Considered by many to be the last ‘real’ Aston Martin, the DB6 was launched in 1965, updating the DB5. Although Royal patronage of the marque undoubtedly helped DB6 sales, the car arrived at a difficult time for Aston Martin, with the home economy in a parlous state and the US market subject to ever-more restrictive legislation.
Though recognisably related to its Touring-styled DB4 ancestor, the DB6 abandoned the underlying Superleggera body structure of its predecessors in favour of a conventional steel fabrication while retaining the aluminium outer panels. Somewhat confusingly, ‘Superleggera’ badges continued to be applied for a time, presumably until stocks ran out. The wheelbase was now 4” (100mm) longer than before, resulting in an extensive restyle with more-raked windscreen, raised roofline and reshaped rear quarter windows. Opening front quarter lights made a reappearance but the major change was at the rear where a Kamm-style tail with spoiler improved the aerodynamics, greatly enhancing stability at high speeds. ‘The tail lip halves the aerodynamic lift around maximum speed and brings in its train greater headroom and more luggage space,’ declared Motor magazine, concluding that the DB6 was one of the finest sports cars it had ever tested.
The Tadek Marek-designed six-cylinder engine had been enlarged to 3,995cc for the preceding DB5 and remained unchanged. Power output on triple SU carburettors was 282bhp, rising to 325bhp in Vantage specification. Borg-Warner automatic transmission was offered alongside the standard ZF five-speed gearbox, and for the first time there was optional power-assisted steering.
Premiered at the 1965 London Motor Show, the convertible DB6 marked the first occasion the evocative ‘Volante’ name had been applied to a soft-top Aston Martin. After 37 Volante convertibles had been completed on the DB5 short-wheelbase chassis, the model adopted the longer DB6 chassis in October 1966, first appearing in its definitive form at the London Motor Show.
The stylish Volante offered four-seat accommodation and was generously appointed with leather upholstery, deep-pile carpets, an aircraft-style instrument cluster and an electrically operated hood.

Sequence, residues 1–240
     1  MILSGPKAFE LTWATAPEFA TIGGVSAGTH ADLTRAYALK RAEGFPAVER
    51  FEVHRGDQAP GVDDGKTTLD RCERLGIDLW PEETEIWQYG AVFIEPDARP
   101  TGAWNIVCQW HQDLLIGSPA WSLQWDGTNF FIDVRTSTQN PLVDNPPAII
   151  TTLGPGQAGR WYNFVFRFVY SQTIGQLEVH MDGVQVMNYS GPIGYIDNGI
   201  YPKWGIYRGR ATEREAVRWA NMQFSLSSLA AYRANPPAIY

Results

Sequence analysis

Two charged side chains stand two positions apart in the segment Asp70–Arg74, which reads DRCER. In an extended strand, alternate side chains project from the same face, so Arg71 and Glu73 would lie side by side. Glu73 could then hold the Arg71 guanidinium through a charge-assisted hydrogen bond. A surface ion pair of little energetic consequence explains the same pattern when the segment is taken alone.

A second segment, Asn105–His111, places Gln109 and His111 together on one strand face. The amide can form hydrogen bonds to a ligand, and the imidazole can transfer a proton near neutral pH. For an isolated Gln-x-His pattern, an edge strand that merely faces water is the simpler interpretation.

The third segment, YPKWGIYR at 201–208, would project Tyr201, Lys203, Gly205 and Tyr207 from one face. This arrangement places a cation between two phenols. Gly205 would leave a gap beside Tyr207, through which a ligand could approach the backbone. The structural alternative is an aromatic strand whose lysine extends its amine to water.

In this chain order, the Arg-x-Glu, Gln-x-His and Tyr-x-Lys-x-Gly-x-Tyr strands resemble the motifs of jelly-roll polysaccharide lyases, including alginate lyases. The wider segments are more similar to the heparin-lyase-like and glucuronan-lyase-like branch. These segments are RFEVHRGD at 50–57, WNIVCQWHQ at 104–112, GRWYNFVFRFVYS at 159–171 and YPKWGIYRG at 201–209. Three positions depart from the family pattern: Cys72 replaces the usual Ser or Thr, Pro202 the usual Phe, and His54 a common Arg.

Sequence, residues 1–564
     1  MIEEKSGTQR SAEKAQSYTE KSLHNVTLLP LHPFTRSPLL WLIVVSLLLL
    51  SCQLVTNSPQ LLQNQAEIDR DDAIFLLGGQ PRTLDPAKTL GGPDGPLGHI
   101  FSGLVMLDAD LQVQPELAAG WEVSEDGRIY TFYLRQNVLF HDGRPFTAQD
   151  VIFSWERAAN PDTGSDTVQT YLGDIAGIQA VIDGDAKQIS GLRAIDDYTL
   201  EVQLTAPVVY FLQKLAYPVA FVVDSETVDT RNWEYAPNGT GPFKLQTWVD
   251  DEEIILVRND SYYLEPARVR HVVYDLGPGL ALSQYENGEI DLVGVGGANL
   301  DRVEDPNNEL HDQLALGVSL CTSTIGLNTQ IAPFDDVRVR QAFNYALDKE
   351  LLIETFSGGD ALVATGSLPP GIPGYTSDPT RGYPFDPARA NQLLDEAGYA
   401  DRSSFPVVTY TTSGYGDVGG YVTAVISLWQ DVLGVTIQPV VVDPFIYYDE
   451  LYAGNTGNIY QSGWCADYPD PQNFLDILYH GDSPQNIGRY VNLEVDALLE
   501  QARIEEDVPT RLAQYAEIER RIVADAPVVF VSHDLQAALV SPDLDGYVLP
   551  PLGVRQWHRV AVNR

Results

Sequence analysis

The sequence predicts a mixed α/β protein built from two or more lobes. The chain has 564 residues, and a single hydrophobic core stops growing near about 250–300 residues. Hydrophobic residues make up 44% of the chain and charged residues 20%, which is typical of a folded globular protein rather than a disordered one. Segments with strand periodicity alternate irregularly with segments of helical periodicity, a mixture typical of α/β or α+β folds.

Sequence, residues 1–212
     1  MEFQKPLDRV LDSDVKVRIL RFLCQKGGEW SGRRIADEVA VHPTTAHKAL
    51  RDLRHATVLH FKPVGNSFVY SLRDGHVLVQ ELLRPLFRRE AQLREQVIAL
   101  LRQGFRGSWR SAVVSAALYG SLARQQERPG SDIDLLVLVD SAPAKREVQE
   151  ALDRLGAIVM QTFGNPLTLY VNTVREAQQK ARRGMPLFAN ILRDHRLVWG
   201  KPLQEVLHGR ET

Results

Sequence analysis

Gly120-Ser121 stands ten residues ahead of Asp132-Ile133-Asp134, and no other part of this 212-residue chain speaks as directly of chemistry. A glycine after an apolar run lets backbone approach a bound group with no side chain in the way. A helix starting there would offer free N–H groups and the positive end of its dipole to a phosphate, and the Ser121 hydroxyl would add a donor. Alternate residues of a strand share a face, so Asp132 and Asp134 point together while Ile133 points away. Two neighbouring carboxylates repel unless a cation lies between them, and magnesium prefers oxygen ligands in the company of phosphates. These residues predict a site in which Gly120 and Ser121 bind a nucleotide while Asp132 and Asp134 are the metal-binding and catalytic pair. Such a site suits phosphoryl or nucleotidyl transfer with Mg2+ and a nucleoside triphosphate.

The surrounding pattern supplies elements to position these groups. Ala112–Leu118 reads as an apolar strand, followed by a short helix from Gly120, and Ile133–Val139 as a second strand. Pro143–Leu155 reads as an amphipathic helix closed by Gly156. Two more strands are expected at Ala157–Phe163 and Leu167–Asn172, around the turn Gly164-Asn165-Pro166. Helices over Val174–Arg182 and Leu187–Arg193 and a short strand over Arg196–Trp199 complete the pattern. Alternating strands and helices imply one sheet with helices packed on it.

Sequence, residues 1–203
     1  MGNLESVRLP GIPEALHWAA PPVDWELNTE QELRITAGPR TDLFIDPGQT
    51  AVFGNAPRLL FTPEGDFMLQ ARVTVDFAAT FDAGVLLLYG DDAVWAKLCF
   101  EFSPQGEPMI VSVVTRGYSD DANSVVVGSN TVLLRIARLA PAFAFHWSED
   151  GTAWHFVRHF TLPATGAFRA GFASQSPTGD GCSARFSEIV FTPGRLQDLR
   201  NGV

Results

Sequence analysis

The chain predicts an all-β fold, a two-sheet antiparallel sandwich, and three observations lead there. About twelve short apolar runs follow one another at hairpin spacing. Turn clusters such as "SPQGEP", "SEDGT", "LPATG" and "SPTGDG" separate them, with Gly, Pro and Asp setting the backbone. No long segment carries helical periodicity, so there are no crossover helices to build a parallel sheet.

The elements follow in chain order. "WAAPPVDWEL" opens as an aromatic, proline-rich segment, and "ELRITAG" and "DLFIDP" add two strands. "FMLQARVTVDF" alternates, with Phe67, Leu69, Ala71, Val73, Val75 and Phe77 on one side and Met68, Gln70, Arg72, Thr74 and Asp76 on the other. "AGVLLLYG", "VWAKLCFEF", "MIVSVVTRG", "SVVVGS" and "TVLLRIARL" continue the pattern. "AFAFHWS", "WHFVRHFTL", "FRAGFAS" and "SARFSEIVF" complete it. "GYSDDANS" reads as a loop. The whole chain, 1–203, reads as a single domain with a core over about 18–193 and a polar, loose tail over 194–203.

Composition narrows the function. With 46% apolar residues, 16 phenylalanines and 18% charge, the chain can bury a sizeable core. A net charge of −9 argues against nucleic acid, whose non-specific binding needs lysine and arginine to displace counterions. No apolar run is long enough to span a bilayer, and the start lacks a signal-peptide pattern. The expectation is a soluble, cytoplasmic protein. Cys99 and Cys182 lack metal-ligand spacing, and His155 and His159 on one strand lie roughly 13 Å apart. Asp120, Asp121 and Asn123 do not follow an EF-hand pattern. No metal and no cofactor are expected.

In the summer of 1969 the Mark 2 DB6 was announced in saloon and convertible versions. Distinguishable by its flared wheel arches and DBS wheels, the DB6 Mark 2 came with power-assisted steering as standard and could be ordered with AE Brico electronic fuel injection. Between 1965 and 1970 when production ceased a total of 1,575 DB6 saloons was completed. During this time the factory made only 178 of the long-wheelbase Volantes and today these rare cars are among the most sought after of the David Brown-era Aston Martins.
One of only 140 Volante-specification examples of the DB6, this wonderful motor car was supplied new by official Aston Martin dealer HW Motors Limited of Walton on Thames. Acquiring the car in 1973 a Mr Streeter of London was the second custodian for 43 years until the current vendor acquired the car more recently in 2016.
The current owner, a prolific collector and enthusiast with a comprehensive collection, has decided after a couple of years of enjoyable ownership to hand his DB6 over to a new custodian.
Originally ordered in Pacific Blue with a natural beige leather interior and tan hood, the DB6 has been meticulously maintained with bills and invoices of work from 1975.
This wonderful matching numbers Aston is offered with the original factory jack and factory toolkit. Also accompanying the DB6 is a comprehensive history file containing a copy of the original build sheet, current and older MoT certificates, original workshop and instruction manuals and copies of invoices for previous works completed (from the likes of specialists such as Ian Mason, and Aston Martin amongst others).
Offered with its original registration number, the example on offer is ready to be driven and enjoyed, this elegant soft-top Aston Martin is surely the perfect way to enjoy the wonderful summer months.